This post describes the process I went through with the Woodland Trust MOREWoods tree planting scheme, to plant 10 acres (4.05 hectares) on some farmland in North Yorkshire.
I found historical maps through the University of Edinburgh Digimap service which showed that some of the pasture on our farm had previously been woodland. The images below show what the woodland looked like in 1892, 1919, 1957, and 2018. Clearly at some point between 1919 and 1957 a large portion of the woodland was felled. This is the area I aimed to re-plant. Since at least 1957, the land has only been used as rough pasture for sheep and cattle.
In addition to previously being woodland, the other main reason I wanted to plant this area was to increase the size of the existing woodland. Some plant and bird species require the darkness and humidity of a deep woodland interior to thrive, which they weren’t getting in the current woodland. Finally, I wanted to make better use of the land than rough pasture. The soil is relatively thin, with a well-drained gravel pan only about 30-50 cm below the surface. The grass has never been particularly productive and contains a lot of moss, probably a result of over-grazing.
Although I started to think seriously about woodland planting in summer 2018, we didn’t officially lodge our application with the MOREWoods scheme until May 2019. We looked around a few schemes which provide subsidies for tree planting. Some of the larger grants weren’t suitable for us because of complications caused by renting the land out to a tenant farmer at the time of application. MOREWoods was a good option for me because I am a novice at land management and the grant provides guidance from a qualified consultant who can help with planning what species to plant, where to plant them, and how to manage the trees after planting. The initial application was fairly easy. We had to provide a map of the area to be planted, and confirm things about land tenure and current land usage. MOREWoods agreed to pay for 80% of the cost of trees and guards because we are within the Woodland Trust’s Northern Forest region.
After we passed the initial Woodland Trust (WT) screening process we started to look at how we would take the land back from the farm tenancy. For many years the pasture and arable fields on the farm have been rented out to tenant farmers. Farm tenancies have much longer notice periods than houses, we had to give a notice period of almost a full year to take back the land, and the handover had to happen on the 1st January, to fit with the farming calendar and the subsidy payment schedule. Also, according to the tenancy, we were only allowed to reclaim up to 10 acres per year, unless we gave notice for the entire farm, which entails its own difficulties.
The farm tenants were quite worried about correctly marking the fencing line which would divide the field so we could plant one part of it. Apparently the farming subsidies can be quite strict about misrepresenting field sizes, and often impose penalties if a field has been measured incorrectly. To mark the field I used QGIS to draw an area of exactly 10 acres, using an OS 1:2500 map as a guide for the field boundaries. I tried initially to use satellite imagery, but because of the overhang of hedges and trees I found it difficult to accurately determine the boundaries of the field. I measured the distance from known points along the existing fence lines to determine the new fence line. On-site we used a trundle wheel to measure those distances and marked the new fence line at both ends with iron rods driven deep into the ground. In hind-sight, we should have used a tape measure rather than a trundle wheel, because the uneven ground messed up the distance measures a bit, but eventually we came to a fence line that everybody agreed on.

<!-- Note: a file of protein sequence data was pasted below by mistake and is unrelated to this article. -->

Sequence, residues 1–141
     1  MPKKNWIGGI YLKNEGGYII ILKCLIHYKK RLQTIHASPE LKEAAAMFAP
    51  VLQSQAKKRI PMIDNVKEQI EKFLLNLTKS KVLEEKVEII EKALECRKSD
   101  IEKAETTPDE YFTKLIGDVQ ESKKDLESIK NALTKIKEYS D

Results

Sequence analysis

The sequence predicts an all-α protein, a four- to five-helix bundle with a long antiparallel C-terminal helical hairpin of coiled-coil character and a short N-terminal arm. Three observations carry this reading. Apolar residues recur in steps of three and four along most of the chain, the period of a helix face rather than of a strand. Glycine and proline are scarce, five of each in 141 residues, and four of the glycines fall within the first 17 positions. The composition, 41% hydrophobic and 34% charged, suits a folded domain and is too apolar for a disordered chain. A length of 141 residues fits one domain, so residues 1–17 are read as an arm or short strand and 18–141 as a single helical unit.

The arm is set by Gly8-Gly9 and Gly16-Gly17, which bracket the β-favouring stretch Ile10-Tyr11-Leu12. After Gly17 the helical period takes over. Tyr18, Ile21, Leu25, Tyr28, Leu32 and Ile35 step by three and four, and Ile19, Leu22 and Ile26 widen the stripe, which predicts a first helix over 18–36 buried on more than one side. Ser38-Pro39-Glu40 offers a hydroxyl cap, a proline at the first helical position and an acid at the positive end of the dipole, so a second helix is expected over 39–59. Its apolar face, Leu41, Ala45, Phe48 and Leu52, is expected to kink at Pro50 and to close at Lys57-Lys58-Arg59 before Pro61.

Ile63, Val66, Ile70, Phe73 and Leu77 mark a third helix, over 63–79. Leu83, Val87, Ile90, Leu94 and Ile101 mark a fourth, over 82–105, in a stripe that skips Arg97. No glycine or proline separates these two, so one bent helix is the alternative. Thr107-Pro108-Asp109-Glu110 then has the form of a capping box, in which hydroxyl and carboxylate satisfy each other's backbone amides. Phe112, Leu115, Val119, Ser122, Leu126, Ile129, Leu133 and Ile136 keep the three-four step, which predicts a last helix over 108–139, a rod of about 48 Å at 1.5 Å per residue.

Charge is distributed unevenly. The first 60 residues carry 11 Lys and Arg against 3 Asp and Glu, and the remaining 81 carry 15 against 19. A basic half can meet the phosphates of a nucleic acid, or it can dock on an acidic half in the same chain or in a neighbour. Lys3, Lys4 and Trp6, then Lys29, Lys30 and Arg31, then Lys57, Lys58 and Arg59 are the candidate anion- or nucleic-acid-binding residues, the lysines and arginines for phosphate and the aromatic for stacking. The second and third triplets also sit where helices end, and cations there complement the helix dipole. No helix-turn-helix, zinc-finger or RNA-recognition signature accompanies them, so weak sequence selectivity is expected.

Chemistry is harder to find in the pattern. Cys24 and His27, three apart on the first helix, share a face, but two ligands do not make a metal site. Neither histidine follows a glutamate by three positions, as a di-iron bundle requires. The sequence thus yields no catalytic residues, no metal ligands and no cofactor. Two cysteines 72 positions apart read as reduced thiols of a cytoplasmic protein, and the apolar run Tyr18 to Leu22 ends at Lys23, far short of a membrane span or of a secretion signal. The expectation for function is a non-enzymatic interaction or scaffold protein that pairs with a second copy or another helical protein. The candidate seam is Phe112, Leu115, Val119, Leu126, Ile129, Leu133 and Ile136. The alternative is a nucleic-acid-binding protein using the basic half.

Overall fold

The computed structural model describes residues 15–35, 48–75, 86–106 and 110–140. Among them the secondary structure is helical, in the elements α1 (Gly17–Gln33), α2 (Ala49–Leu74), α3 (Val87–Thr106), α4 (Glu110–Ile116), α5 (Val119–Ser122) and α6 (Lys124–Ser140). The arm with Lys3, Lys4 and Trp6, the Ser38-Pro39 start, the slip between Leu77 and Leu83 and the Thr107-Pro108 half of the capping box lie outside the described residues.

Unfortunately even though the Woodland Trust approved our application in August 2019, it took until April 2020 to organise a consultant to survey the land and discuss species mixes. Then after we sent off the report based on the consultation, it took the WT until August 2020 to realise that they actually needed an Environmental Impact Assessment (EIA) from the Forestry Commission, because the new woodland is >3 ha. The process for the EIA was slow. We had to consult “local stakeholders” via the Parish Council, adjacent land-owners, and also the local authority archaeology department. The archaeology people had an issue with a small part of the planting site which appeared from a satellite image to have an old ridge-and-furrow (rigg and furr) system. We were skeptical of this assessment, especially as they hadn’t conducted an on-site survey, but to avoid further delay we complied with their wishes and left part of the planting area as open ground. After gathering all these consultations the EIA took until December 2020 to be approved, then until mid-January 2021 to actually sign the contract from the WT. I think the WT offices had difficulty processing applications because of COVID restrictions which meant their staff were sometimes working from home. On the whole however, I was disappointed with the service from the WT. It seemed like a lot of stress could have been avoided if the WT had pushed the process along a bit quicker, rather than waiting for months between each stage. I was also disturbed that although our application was described “approved” in 2019, it clearly wasn’t and there were many more hoops we had to jump through before there was truly no going back. It would have been very annoying if we had taken back the land from the farm tenancy only to later find out that the MOREWoods grant wouldn’t pay out.
I was given a lot of control over the species mix of the new woodland. I opted for two main zones (compartments). The larger compartment is dominated by pedunculate oak (Quercus robur) and Hornbeam (Carpinus betulus), both large canopy trees with long lifespans and which provide decent hardwood for building and firewood. The smaller compartment is dominated by silver birch (Betula pendula) and hazel (Coryllus avellana), shorter lived species which coppice well and can provide us with smaller poles and canes, which are useful for making hurdles, or for smaller firewood. We weren’t allowed to plant ash (Fraxinus excelsior) because of the likelihood of it succumbing to ash dieback, though there is a lot in the existing adjacent woodland. In addition to the principal species, we also included shrubs and other species at lower percentages scattered throughout the compartments, simply to increase biodiversity and to have a bit of variety.
Below is the full breakdown of species and which compartment they go in:
|Compartment||Alder||Blackthorn||Birch||Alder buckthorn||Hazel||Hawthorn||Hornbeam||Holly||Wild cherry||Oak||TOTAL|
|Short Rotation Coppice||0||0||300||0||400||0||0||75||0||50||825|
|Long Rotation Coppice||0||150||500||75||350||0||950||75||350||900||3350|
|Edge Shelter Belt||0||100||150||25||100||75||0||50||0||0||500|